"* * * If any applicant feels himself aggrieved by the action of the commission in refusing to examine him, or, after an examination, to certify him as an eligible, as provided in this section, the commission shall, at the request of such applicant, appoint a time and place for a public hearing; at which time such applicant may appear, by himself or counsel, or both, and the commission shall then review its refusal to make such examination or certification, and testimony shall be taken. The commission shall subpoena, at the expense of the applicant, any competent witnesses requested by him. After such review, the commission shall file the testimony taken, in its records, and shall again make a decision, which shall be final." (Emphasis supplied.)

Another section, 53 Purdon's Pa.Stat. Ann. § 604, provides for an appeal to the Court of Common Pleas from an adverse decision by the Civil Service Commission. In the light of these explicit state rights to review, the allegations of plaintiff's complaint to the effect that Dr. Guhel "reported" his findings to the Commission are insufficient to establish that plaintiff himself ever demanded a hearing. Under the quoted statute only the plaintiff could request a public hearing. Under the facts alleged it cannot be presumed that a hearing was requested by, and denied to, plaintiff. We find no denial of procedural due process or any other federally secured right.

Moreover, it is to be observed that the Pennsylvania two-year Statute of Limitations is applicable to civil rights actions. The complaint was filed on February 26, 1973, and all the factual allegations therein occurred prior to February 26, 1971. Civil and equitable relief sought for events occurring prior to February 26, 1971 is barred. Henig v. Odorioso, 385 F.2d 491 (3d Cir. 1967), citing P.L.E. Limitation of Actions §§ 31, 32.

Although plaintiff never requested the Commission for a public hearing, by his complaint he now requests this court to order the defendants to terminate psychological testing and compel the defendants to employ a qualified psychiatrist to review psychological test results of "any applicant" who has been rejected because of negative test results. He also requests that his application(s) (presumably of 1966 and 1970) be reviewed by a competent psychiatrist to determine whether or not the test results upon which the plaintiff's application(s) was refused were fair and equitable. No case has been cited which authorizes this type of injunctive relief in the circumstances of this case. Plaintiff has never been refused a public hearing. Only the non-existent right to employment as a police officer has been affected by the action of the Commission. No underlying right, privilege or immunity guaranteed by the Constitution, or proved retribution for exercising constitutionally protected rights, has been alleged. *509 Thus, no such injunctive action is constitutionally required when public employment is denied, or even withdrawn. Cf. Board of Regents of State Colleges v. Roth, 408 U.S. 564, 92 S. Ct. 2701, 33 L. Ed. 2d 548 (1972); Chism v. Price, 457 F.2d 1037 (9th Cir. 1972); Hodgin v. Noland, 435 F.2d 859 (4th Cir. 1970); Jones v. Hopper, 410 F.2d 1323 (10th Cir. 1969); Birnbaum v. Trussell, 371 F.2d 672 (2d Cir. 1966).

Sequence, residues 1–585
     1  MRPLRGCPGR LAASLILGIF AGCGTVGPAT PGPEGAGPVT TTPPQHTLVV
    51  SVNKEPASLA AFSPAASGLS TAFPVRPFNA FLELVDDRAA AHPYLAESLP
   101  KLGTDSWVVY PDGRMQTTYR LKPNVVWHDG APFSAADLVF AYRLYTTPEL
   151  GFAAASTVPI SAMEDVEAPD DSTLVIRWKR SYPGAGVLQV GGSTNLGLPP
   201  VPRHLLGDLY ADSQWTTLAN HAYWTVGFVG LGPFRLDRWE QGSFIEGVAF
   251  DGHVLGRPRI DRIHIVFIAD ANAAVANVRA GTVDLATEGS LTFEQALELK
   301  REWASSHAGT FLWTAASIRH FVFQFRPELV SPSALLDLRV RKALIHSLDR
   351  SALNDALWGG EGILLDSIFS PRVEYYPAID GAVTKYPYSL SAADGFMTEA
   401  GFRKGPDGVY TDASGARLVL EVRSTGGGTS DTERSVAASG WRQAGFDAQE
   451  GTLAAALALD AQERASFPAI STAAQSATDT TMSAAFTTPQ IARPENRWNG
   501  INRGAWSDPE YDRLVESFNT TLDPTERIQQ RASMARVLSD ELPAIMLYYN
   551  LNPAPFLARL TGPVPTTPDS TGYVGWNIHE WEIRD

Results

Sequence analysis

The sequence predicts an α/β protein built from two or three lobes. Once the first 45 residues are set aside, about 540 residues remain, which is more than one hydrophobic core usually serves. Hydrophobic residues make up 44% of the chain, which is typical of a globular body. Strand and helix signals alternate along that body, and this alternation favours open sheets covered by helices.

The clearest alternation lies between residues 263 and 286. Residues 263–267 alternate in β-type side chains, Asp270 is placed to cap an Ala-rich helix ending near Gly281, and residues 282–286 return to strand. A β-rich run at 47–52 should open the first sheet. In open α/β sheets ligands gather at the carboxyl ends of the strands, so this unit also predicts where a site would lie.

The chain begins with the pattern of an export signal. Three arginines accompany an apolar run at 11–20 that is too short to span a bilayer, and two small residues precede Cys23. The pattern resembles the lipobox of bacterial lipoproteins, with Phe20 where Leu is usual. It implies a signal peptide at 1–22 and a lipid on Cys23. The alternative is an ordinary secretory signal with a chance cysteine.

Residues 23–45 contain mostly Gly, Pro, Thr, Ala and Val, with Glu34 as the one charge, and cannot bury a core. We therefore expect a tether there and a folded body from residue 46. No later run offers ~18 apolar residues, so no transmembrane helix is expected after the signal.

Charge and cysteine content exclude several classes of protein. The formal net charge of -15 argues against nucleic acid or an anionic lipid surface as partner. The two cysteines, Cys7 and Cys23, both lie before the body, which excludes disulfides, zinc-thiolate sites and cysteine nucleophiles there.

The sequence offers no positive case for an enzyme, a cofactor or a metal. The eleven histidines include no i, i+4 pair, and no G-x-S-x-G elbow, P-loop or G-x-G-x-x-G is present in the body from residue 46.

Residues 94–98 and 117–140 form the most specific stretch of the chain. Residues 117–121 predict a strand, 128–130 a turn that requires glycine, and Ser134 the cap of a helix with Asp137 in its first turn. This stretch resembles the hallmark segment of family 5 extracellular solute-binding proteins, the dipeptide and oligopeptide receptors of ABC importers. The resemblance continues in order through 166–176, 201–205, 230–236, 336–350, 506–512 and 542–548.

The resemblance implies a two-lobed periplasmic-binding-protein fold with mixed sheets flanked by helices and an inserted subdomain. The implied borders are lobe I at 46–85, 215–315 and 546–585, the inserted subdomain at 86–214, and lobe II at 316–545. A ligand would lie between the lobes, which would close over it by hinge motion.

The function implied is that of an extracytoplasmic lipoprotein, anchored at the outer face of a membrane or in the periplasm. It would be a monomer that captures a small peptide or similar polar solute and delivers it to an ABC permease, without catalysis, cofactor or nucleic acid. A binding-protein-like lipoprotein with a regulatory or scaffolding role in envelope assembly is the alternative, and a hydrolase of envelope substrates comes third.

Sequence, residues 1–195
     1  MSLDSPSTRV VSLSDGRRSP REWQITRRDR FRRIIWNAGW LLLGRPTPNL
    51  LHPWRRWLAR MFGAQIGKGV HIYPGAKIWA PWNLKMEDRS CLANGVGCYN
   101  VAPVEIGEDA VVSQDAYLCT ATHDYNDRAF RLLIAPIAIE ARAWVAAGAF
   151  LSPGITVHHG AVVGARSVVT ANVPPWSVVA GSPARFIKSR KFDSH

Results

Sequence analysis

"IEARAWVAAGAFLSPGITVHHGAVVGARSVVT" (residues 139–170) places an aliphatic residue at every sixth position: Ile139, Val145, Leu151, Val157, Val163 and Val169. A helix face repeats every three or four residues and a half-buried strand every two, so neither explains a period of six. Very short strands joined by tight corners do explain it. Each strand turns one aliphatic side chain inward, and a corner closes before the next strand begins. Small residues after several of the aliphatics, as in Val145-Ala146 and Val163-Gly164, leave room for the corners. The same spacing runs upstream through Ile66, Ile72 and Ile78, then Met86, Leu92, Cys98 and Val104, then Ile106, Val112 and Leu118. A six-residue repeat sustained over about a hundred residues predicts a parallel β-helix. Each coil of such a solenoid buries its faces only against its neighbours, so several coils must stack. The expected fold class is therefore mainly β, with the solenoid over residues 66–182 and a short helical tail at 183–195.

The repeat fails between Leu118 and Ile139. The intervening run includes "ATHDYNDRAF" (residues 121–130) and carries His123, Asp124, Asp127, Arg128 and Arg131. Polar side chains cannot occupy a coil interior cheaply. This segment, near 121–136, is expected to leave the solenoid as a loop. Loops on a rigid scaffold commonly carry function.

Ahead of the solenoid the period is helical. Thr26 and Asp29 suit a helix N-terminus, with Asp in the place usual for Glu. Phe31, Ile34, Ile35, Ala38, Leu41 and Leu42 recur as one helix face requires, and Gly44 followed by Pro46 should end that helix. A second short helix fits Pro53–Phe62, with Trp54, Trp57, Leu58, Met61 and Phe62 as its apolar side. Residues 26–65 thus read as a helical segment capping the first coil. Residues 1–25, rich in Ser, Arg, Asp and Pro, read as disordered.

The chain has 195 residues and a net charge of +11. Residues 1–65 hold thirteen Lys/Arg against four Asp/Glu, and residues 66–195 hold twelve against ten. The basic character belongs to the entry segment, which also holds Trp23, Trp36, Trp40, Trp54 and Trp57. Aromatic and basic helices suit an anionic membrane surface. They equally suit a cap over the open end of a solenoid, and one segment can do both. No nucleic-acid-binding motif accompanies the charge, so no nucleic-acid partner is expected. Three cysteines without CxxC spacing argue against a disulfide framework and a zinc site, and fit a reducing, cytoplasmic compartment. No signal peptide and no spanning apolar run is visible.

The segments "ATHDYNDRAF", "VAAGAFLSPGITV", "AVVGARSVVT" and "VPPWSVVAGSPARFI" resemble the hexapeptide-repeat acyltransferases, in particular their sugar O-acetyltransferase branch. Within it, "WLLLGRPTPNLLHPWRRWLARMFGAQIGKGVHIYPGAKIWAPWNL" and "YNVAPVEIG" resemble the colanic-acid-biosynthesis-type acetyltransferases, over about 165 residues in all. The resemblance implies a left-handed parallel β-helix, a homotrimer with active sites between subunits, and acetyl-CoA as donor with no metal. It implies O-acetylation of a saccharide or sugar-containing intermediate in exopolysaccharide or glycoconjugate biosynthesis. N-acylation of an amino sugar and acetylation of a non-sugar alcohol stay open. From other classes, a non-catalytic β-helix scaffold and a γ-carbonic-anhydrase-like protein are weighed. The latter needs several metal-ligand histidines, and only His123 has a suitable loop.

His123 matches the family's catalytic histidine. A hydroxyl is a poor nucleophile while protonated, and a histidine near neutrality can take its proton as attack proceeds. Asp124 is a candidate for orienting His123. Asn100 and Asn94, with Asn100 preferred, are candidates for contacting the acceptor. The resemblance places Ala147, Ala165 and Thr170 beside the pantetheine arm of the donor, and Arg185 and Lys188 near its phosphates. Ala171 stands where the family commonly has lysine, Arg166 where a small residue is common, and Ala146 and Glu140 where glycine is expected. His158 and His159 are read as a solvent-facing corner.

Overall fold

Equal Protection

Nor do we think that plaintiff's allegation that the offending psychological test has "no objective criteria upon which said Commission can accept or reject an applicant" is sufficient to state a cause of action for the injunctive relief he seeks under the Civil Rights Act and the Fourteenth Amendment.

The Pennsylvania Civil Service Act at 53 Purdon's Pa.Stat.Ann. § 23441 provides that:

"All examinations for positions in the classified service shall be practical in their character, and shall relate to such matters, and include such inquiries, as will fairly and fully test the comparative merit and fitness of the persons examined to discharge the duties of the office or employment sought by them."

Clearly, the Pennsylvania Civil Service Act requires that civil service tests objectively measure an applicant's fitness for the particular job he is applying for, and if the psychological test administered by the Commission fails to measure an applicant's fitness, then the Commission is acting dehors the law. Accordingly, it would be the Commission's actions, not the requirements of the law, which would be violating the plaintiff's rights. In such circumstances, absent an allegation of racial or other invidious discrimination, it must be alleged that the Commission is intentionally and purposefully discriminating against the applicant rejected on the results of the psychological test. As was said in Snowden v. Hughes, 321 U.S. 1, 8, 64 S. Ct. 397, 401, 88 L. Ed. 497 (1944):